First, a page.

Pain in the plantar fascia, which runs from the foot to the heel, is a common symptom of plantar fasciitis and may make even the simplest of tasks difficult. To alleviate plantar fasciitis, it is important to know your foot and the factors that contribute to the condition.
A good shoe can help relieve pain of your plantar fasciitis to a good extent. Thus, one must have them in their shoe wardrobe if they are suffering from Plantar Fasciitis issue.
An evaluation of your gait and feet by a podiatrist expert or a physical therapist will provide the most helpful shoe suggestions.
List of Best Shoes For Plantar Fasciitis In India
How To Choose The Best Shoes for Plantar Fasciitis
It’s crucial to look for a shoe that gives you a good amount of cushioning and arch support while you’re suffering from plantar fasciitis. Choosing a shoe that is not just comfortable for standing but also for your preferred hobbies is essential
Firmness and support
The foot’s arch performs a number of important functions, including supporting the body’s weight and distributing it evenly, as well as absorbing stress caused by walking as well as other weight-bearing activities. Many individuals who suffer from plantar fasciitis have also flat feet. Stress on the plantar fascia or its attachment sites may be alleviated by properly supporting the arch.
Soft impact and cushion
Pain from plantar fasciitis may be alleviated by wearing shoes with enough heels cushioning, since here is where the majority of the ground response forces are felt throughout the gait cycle.
Overpronation and great movement at your heel may be avoided with a shoe that provides enough sole & heel cup stability. Better foot alignment inside the shoe might be promoted by a shoe that snugs at the heel. Even joints just above ankle may benefit from this kind of adjustment.
Shoes with detachable insoles are more adaptable, which may be helpful for those with plantar fasciitis who also need additional support. For instance, a rocker sole is characterised by a larger profile and a flatter, more rounded heel than conventional soles.
This prevents the foot from resting flat on the ground, which may be painful for those whose plantar fascia flares up while walking or standing.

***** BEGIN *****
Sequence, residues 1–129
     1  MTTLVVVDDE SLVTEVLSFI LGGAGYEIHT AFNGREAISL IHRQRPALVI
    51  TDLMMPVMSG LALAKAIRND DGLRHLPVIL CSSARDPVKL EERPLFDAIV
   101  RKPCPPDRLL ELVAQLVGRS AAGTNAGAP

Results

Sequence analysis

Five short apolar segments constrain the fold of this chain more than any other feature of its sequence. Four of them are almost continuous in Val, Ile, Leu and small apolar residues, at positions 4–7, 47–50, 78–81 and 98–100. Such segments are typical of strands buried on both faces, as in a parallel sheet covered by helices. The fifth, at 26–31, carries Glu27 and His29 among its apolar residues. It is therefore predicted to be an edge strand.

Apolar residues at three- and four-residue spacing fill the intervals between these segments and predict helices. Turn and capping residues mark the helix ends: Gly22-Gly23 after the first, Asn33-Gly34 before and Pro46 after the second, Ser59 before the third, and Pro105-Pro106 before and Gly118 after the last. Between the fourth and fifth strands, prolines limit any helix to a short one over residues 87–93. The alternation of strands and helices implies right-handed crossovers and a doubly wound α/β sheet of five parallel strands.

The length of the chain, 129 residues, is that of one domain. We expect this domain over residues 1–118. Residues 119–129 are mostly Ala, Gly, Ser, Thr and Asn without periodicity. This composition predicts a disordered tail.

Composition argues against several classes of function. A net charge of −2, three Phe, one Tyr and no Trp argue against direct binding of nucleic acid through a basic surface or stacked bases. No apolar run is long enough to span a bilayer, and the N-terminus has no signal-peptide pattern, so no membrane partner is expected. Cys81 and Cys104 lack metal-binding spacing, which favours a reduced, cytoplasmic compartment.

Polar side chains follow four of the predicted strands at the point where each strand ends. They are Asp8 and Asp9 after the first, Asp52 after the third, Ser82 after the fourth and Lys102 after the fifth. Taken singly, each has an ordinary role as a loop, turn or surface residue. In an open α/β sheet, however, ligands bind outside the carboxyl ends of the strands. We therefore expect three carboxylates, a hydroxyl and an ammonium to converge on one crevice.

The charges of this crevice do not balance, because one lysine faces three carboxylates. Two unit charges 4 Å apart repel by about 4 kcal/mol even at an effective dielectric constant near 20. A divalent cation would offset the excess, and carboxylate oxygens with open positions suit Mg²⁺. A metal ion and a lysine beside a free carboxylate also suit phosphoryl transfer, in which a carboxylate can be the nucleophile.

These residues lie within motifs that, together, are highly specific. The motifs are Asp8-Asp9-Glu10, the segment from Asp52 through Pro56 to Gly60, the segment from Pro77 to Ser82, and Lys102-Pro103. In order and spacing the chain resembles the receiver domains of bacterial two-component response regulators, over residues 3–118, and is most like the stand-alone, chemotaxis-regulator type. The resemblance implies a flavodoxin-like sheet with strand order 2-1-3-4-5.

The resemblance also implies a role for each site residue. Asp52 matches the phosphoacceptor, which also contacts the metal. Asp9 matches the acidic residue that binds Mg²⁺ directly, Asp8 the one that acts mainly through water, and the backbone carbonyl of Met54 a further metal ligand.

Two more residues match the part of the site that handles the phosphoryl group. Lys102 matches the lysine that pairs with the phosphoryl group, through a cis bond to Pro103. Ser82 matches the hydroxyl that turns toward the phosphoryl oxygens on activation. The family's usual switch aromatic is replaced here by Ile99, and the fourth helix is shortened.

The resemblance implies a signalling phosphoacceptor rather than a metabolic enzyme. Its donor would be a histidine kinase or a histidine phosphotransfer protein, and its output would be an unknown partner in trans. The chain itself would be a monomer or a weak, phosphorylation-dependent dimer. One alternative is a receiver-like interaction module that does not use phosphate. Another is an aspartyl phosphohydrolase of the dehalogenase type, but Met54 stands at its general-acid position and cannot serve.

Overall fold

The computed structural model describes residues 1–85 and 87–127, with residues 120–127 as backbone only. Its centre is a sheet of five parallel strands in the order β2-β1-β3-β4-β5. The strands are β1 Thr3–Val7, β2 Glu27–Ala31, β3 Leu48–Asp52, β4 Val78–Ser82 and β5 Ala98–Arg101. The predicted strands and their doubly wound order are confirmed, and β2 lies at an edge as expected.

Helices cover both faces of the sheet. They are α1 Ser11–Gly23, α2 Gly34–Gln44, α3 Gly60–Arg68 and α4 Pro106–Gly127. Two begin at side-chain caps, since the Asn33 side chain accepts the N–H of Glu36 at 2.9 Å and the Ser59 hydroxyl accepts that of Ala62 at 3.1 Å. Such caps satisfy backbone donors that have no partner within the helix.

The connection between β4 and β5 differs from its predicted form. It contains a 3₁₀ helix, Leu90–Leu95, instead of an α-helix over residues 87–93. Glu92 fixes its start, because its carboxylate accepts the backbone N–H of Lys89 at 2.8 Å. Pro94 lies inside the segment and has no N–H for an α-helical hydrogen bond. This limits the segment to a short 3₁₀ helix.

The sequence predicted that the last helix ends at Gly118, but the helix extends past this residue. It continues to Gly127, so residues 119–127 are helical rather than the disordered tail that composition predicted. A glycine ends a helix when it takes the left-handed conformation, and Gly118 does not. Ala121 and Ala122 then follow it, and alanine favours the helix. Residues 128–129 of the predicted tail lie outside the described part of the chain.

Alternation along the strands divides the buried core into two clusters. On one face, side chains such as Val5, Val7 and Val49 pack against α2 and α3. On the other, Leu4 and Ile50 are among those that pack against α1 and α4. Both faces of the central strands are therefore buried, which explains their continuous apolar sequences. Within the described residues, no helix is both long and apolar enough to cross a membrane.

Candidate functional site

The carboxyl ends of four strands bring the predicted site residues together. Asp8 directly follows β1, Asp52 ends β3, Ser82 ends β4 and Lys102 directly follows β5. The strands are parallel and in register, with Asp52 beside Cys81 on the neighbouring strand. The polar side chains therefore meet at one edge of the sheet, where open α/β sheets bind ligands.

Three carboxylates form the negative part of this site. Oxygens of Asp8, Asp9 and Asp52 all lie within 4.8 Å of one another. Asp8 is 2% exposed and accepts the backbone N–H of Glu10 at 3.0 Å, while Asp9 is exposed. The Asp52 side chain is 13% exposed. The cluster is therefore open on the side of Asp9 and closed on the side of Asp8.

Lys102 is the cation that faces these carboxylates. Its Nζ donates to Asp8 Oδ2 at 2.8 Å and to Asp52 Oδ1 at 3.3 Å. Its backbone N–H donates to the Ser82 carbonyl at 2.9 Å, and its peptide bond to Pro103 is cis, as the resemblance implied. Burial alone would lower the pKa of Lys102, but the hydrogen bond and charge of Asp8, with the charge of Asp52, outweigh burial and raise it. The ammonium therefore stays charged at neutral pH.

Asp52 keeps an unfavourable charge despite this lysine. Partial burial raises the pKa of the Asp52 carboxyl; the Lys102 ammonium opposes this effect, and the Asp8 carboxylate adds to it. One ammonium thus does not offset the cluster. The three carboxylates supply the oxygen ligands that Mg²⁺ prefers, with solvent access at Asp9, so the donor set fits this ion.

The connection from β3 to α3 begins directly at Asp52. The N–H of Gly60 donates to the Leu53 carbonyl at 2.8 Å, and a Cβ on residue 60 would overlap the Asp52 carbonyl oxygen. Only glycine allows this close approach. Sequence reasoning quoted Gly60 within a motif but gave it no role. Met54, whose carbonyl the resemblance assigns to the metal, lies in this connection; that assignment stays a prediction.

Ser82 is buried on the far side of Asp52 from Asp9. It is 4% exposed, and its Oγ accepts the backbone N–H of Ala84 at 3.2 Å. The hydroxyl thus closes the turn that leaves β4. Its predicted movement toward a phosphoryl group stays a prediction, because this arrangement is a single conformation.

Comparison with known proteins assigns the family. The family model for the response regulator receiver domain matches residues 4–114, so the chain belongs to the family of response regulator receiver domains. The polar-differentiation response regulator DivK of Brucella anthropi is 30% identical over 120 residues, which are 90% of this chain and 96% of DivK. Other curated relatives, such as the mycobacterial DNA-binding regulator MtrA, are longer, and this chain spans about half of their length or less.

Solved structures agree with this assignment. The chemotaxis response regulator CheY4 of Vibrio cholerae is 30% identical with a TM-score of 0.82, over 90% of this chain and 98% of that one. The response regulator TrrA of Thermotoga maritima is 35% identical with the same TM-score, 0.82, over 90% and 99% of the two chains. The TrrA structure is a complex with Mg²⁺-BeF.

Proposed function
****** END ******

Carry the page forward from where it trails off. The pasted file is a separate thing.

They need to provide stability at the back of the heel to prevent excessive pronation while walking. The term “pronation” refers to the leveling of the arch that occurs as the foot slides inward. This causes additional strain on Plantar Fascia.
If the heel is adequately supported, the foot is more likely to remain in a neutral posture. Remember that little, intentional movement is natural and beneficial for reducing the impact of walking or jogging.
A strong heel cup, or sufficient padding in the shoe’s sole, may provide the support your feet and legs need.
Evidence suggests that the Plantar Fascia may benefit from arch support by being subjected to less stress. They may be built into the design of the shoe, or they may be added using inserts.
A good pair of shoes should include arch support even if you choose not to use insoles. This will assist your feet stay in place and prevent them from collapsing under your weight while you walk.
The rocker-bottom is not standard in footwear, and not everyone can walk comfortably in these shoes. The Plantar Fascia might feel the effects of this, hence they are often prescribed. When used in conjunction with an orthotic, their beneficial effects are amplified.
Wide toe box
High heels and formal shoes are notorious for having a cramped toe box. The tendon that connects the toes to the heel may become painful, and toe mobility may be limited as a result. Choose shoes that allow your feet to splay out comfortably.
People who have naturally broad feet are not excluded from this. The toe box of a pair of wide-foot shoes is intentionally made to be more spacious.
Get 1-2 inch heel
It’s not a good idea to wear shoes with a heel or flip-flops. Your plantar fascia, Achilles tendon, and maybe tendons in the ankle can all be pulled on by the angle the foot rests at when you walk. Any more than a dip of around an inch and a half will induce the Achilles to tighten too much, worsening PF discomfort.